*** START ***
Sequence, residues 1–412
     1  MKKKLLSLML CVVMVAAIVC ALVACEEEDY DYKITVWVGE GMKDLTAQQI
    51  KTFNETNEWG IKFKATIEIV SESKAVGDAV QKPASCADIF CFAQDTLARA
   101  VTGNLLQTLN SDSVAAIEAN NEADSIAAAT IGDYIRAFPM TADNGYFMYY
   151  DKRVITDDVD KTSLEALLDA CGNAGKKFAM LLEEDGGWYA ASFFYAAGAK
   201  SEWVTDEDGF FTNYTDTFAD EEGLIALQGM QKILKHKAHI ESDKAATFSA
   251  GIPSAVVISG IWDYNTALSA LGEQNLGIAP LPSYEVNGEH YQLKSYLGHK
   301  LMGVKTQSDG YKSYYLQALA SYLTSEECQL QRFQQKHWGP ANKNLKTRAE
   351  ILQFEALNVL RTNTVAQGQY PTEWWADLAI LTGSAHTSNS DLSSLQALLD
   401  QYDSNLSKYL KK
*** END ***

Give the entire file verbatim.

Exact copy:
Sequence, residues 1–412
     1  MKKKLLSLML CVVMVAAIVC ALVACEEEDY DYKITVWVGE GMKDLTAQQI
    51  KTFNETNEWG IKFKATIEIV SESKAVGDAV QKPASCADIF CFAQDTLARA
   101  VTGNLLQTLN SDSVAAIEAN NEADSIAAAT IGDYIRAFPM TADNGYFMYY
   151  DKRVITDDVD KTSLEALLDA CGNAGKKFAM LLEEDGGWYA ASFFYAAGAK
   201  SEWVTDEDGF FTNYTDTFAD EEGLIALQGM QKILKHKAHI ESDKAATFSA
   251  GIPSAVVISG IWDYNTALSA LGEQNLGIAP LPSYEVNGEH YQLKSYLGHK
   301  LMGVKTQSDG YKSYYLQALA SYLTSEECQL QRFQQKHWGP ANKNLKTRAE
   351  ILQFEALNVL RTNTVAQGQY PTEWWADLAI LTGSAHTSNS DLSSLQALLD
   401  QYDSNLSKYL KK